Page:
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Dropping The Gloves #8 - Scott Johnston Of

The feature that sees us talk to the finest blogs around about their opinions on Sunderland as outsiders is back, as we talk to Scott Johnston of the fantastic

Alex Livesey

Stoke are known for a physical game and strong set pieces, Arsenal for possession football. Do you consider Sunderland to have a similar identity, and if so what?

Scott Johnston: I think Sunderland are very much a Martin O'Neill team. He is known to like his sides to be efficient, hard working and as easy on the eye as possible (without being undisciplined). I think Sunderland are built like that, so in between Stoke and Arsenal.

How competitive do you think Sunderland can hope to be in the transfer market? Which clubs do you consider their natural competitors for signings?

SJ: I think they have to be cute in the transfer market. Martin O'Neill is good at getting the best out of players and tries to pick up players that have something to prove. He usually needs to be able to spend a healthy amount of cash, you look at the Fletcher deal and see that is more than quite a few in the league.

Natural competitors for Sunderland in the transfer market would be mid table - to top half sides like Newcastle Utd and Everton - just ahead of Fulham and Stoke.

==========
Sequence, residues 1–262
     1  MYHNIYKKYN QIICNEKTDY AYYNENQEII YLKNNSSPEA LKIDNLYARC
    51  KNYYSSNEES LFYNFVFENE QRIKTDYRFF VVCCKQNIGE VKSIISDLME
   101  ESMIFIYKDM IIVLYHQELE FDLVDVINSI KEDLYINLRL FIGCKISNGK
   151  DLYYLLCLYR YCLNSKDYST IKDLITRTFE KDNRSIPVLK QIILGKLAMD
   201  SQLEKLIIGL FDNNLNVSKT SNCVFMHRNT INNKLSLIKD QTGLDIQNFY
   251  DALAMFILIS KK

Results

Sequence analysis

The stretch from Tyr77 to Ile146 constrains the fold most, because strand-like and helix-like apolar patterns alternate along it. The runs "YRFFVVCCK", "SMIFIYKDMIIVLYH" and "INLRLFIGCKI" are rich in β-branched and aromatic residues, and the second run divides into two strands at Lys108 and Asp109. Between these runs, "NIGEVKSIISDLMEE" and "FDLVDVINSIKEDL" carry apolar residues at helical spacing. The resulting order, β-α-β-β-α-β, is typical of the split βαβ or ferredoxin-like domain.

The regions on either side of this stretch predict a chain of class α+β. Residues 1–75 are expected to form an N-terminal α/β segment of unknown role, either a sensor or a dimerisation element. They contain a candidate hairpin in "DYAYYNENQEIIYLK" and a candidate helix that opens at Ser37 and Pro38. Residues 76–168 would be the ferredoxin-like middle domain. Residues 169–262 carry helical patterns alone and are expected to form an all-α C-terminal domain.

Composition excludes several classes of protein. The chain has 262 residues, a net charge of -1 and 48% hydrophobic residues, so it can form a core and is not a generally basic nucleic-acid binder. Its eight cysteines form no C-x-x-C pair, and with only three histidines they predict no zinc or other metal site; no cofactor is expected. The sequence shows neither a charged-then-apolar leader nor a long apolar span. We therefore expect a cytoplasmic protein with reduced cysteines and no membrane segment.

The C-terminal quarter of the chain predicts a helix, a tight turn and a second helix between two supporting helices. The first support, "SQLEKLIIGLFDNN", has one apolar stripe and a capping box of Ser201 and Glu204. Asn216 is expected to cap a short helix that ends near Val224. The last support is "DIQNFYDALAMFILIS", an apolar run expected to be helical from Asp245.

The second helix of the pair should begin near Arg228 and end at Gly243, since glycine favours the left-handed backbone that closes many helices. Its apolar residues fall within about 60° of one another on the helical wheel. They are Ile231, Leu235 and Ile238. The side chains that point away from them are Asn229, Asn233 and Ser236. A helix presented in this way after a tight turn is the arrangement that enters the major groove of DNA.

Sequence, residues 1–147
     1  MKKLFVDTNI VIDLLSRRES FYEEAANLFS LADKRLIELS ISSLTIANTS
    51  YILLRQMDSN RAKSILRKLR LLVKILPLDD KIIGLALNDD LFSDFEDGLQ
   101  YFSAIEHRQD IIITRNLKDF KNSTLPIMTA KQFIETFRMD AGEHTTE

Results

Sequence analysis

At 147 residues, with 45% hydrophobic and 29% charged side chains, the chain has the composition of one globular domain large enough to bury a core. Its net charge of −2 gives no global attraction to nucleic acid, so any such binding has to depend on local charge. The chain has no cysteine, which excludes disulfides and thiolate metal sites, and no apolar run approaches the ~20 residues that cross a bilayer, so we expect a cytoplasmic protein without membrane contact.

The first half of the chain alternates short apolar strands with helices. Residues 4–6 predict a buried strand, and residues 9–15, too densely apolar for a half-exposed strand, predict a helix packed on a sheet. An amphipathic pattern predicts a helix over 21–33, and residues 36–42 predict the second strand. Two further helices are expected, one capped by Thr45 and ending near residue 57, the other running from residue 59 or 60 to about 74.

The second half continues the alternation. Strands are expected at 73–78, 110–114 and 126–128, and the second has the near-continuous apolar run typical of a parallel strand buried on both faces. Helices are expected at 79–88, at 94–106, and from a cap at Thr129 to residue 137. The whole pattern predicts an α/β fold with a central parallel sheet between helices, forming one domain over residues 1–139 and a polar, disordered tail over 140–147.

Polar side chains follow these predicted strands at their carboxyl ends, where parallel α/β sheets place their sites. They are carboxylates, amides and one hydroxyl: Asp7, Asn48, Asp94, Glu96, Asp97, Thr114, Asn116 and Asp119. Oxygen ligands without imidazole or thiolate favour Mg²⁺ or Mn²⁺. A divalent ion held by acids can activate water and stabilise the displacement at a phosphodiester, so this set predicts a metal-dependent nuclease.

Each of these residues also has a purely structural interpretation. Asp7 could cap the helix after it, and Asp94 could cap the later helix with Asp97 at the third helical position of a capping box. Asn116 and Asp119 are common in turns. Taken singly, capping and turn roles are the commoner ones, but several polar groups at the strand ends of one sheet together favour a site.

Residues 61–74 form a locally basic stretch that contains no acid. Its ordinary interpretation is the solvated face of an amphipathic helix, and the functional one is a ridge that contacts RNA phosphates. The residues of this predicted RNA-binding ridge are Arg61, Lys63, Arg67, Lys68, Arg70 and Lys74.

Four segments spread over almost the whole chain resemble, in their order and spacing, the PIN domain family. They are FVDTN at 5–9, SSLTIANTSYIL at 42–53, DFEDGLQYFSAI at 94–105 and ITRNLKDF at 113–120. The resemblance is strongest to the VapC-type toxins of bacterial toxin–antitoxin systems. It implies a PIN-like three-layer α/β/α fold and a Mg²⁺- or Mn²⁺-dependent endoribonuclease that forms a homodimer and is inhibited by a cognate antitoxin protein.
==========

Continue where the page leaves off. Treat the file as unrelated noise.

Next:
From your vantage point, what would you consider to be the iconic or most memorable Sunderland moment during your time watching football?

SJ: The Play-off final between Sunderland and Charlton in 1998 was fairly exciting and hard to forget.

Then, in 2003 I remember a game when Sunderland were managed by Howard Wilkinson that they conceded three own goals, that was memorable.

But a game that stands out for me was there win over Newcastle at St James Park, that was to be Ruud Gullit's last game in charge at Newcastle. The weather was terrible with the rain pouring down and Kevin Phillips scored a cracking lob.

Niall Quinn claims that Sunderland have dropped their 'yo-yo club' tag. Do you agree with that and consider Sunderland now an established main stay of the Premier League, or is it a club you would still not be surprised to see involved in a relegation battle?

SJ: I don't think they will be in any serious threat of relegation with Martin O'Neill in charge at the club. The squad is good enough to finish top half in my opinion.

I think all clubs like to pride themselves on quality of their support. Comparatively speaking, and as a neutral observer, how would you rate the Sunderland fans?

SJ: They always seem to be very passionate and vocal, which is what I'd want from home fans.

Over the years they have had some dodgy squads, players and managers but throughout the fans have backed the club and been patient. Which impresses me.

Big thanks to Scott for taking the time to talk to us. Go check out his site The Footyblog now, it's excellent.

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